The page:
A Thing I thought I'd never do!

by Juliette

I’m not sure about you but there are things in life that I never thought I would do. I never thought I would favour Radio 2, I never thought I’d get gripped on The Archers, I never thought I’d embarrass my kids and I NEVER thought I’d run a marathon.

Well in less than 2 weeks’ time that is what I’m intending to do. Along with 1000s of others, many of whom will also be running the 26.2 miles for the first time, my 42 year old self will be lining up at the start of the Virgin London Marathon. I feel excited but mainly petrified, a bit like how I felt when I first went into labour, only this time I won’t have a gorgeous new being at the end, just my old decrepit body that will no doubt be a hobbling wreck. But I will have a MEDAL!

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I have to say I’ve learnt many a thing training for this marathon:

  1. I can actually do something I never thought I could (barring any injury /freak accident/ sudden illness/natural disasters etc in the next 10 days). We are capable of amazing feats once we put our minds to it and our bodies are incredible. Yes despite me moaning about stiff joints in the morning, tired limbs and achy muscles, the body recovers and before you know it, I’m back out pounding the pavements. No matter what distance, if it’s a challenge for you then rise to it and be determined.
  2. The importance of a plan: my printed out plan is currently stuck on one of my kitchen cupboards. I’m clearly the type who needs a plan as I’m not confident enough to go off and just do what feels right which may come with experience. I encourage anyone who is considering starting a challenge, whether it’s running that first mile, doing couch to 5k or any longer distances to use a plan that fits with your lifestyle and stick like glue to it. This is especially important if like me, you use any excuse to get out of something. Plus there’s a lot of satisfaction to be had with ticking off the runs/weeks completed with a MASSIVE MARKER PEN!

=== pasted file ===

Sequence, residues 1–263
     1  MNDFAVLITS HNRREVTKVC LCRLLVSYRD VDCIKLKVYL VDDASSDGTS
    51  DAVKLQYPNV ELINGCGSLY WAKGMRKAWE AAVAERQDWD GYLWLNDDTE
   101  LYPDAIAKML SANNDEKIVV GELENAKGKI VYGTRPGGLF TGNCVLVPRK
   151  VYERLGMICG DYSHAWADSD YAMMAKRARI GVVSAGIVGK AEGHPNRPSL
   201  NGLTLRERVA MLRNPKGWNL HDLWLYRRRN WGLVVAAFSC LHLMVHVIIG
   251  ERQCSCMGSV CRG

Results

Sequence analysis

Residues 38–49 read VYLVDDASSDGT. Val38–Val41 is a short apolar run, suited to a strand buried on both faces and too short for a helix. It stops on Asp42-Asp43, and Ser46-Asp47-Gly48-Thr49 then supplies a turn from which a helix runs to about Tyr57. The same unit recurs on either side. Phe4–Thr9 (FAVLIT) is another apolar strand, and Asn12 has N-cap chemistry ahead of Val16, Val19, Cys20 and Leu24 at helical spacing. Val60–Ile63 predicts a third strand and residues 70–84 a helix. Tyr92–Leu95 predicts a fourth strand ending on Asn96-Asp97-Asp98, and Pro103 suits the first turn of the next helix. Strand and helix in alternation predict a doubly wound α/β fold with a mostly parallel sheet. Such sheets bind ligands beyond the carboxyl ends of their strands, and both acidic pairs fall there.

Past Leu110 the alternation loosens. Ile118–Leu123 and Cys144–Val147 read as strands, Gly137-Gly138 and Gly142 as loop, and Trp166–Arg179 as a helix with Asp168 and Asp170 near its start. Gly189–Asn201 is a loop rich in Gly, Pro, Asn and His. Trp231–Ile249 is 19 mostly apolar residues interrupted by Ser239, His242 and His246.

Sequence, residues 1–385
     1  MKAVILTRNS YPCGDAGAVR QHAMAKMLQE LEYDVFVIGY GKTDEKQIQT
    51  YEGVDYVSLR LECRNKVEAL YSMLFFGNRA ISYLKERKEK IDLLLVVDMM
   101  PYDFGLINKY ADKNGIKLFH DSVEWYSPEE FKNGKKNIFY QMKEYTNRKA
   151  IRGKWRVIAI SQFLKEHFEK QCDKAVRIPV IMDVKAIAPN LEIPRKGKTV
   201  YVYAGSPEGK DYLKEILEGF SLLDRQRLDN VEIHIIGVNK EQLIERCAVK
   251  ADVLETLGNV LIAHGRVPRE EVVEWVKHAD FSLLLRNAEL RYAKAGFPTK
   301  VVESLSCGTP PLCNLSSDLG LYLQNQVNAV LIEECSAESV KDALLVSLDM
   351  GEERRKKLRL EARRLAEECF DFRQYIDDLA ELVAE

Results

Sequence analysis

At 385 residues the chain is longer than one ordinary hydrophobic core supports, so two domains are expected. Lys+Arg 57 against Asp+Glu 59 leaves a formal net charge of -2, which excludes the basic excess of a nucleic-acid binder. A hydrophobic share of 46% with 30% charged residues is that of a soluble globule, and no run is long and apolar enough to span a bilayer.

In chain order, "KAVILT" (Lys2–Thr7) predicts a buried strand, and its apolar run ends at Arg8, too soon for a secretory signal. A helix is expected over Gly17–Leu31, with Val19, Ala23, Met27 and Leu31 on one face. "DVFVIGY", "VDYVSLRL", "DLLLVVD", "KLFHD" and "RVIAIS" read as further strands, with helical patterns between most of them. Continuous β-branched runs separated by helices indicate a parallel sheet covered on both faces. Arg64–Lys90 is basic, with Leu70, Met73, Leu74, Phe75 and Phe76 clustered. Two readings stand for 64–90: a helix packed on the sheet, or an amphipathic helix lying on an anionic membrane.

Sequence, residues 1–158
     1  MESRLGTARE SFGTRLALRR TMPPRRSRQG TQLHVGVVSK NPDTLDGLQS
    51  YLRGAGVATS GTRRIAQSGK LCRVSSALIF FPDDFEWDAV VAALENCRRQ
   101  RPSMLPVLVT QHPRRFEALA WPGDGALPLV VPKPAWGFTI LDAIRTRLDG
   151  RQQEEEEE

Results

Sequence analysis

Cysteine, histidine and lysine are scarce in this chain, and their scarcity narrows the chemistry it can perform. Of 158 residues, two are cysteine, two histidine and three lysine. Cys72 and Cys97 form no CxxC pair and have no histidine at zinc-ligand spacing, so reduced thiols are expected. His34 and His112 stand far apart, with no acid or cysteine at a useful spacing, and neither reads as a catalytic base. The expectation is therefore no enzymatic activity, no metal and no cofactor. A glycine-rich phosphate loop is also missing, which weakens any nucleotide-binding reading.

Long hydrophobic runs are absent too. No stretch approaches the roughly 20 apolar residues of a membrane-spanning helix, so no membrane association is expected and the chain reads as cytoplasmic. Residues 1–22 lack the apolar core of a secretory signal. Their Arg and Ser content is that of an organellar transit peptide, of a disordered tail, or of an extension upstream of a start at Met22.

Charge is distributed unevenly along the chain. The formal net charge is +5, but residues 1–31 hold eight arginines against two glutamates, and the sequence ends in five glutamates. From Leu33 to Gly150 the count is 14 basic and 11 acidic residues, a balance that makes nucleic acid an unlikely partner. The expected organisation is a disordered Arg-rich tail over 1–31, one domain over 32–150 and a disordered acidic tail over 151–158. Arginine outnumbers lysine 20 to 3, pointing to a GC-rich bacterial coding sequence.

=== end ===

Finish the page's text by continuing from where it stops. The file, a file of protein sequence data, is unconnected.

3. The thought of something is often worse than the reality: given the choice I would never run in the pouring rain, but strangely, when it’s down on the plan that I need to run that day, I go, come rain or shine. Equally, running at 6 am because there’s no other time in the day free, is strangely uplifting once you know that’s what you have to do. You also get to feel incredibly smug and go around all day telling everyone you were up running at 6 am whilst they were luxuriating in their beds!
  4. Importance of a positive mental attitude. A few years back I tried to enter ½ marathon races twice before and both times I pulled out in advance due to physical niggles. Maybe pulling out was justified but I find I often go into things assuming I’ll fail, this then becomes self-fulfilling. So I decided at the start of my marathon training, I will be positive and not let these negative thoughts chip away at me. “I will do this”, I may not get the time I want but that’s not failing, I’ll still have run a bloody long way and the months of training will be worth it as long as I finish.
  5. You will have setbacks – no plan is bullet proof, you may get ill along the way, you may have injuries BUT try not to panic. It doesn’t usually mean it’s all done for! It may just mean tweaking the plan or re-adjusting your targets or timeframe. My old achilles issue that stopped me doing the ½ marathon years back has flared up this time, but I’m religiously following physio’s advice, stretching, massaging my feet every night (I tell you my feet get more attention than my husband!) and remaining positive.

The other less deep and meaningful things I’ve learned from training for a marathon are:

  • Always carry tissues with you. Seriously, the frequency of loo stops behind trees, bushes, bus stop shelters I’ve taken mean I’ve certainly given my dog a run for its money in the “marking territory” stakes
  • Sports massages are brutal but lordy lordy, what relief!
  • There are some very funny (and rude) podcasts out there that really distracted marathon02me from the tedium of long runs
  • Interval training is hard but worthwhile and makes the time go quicker
  • Yoga has helped me – you can stream Yoga programmes on You tube if you can’t get to a class
  • The first 2 minutes of a 10 minute cold bath are the worst and then it’s ok, (top tips: read or distract yourself whilst in the bath and wear tops and hat to keep upper half of body warm)
  • Protein/recovery shakes after a long run really do pep you up
  • Eddie Izzard is a GOD.

So I will be on that start line on the 24th April, I will undoubtedly be overtaken by a rhino, an old man and someone dressed as a Storm Trooper, but I will finish. And I will be one of the million people to have completed the London Marathon. Not bad for someone who never thought she had it in her!!

Juls is running the London Marathon for Against Breast Cancer.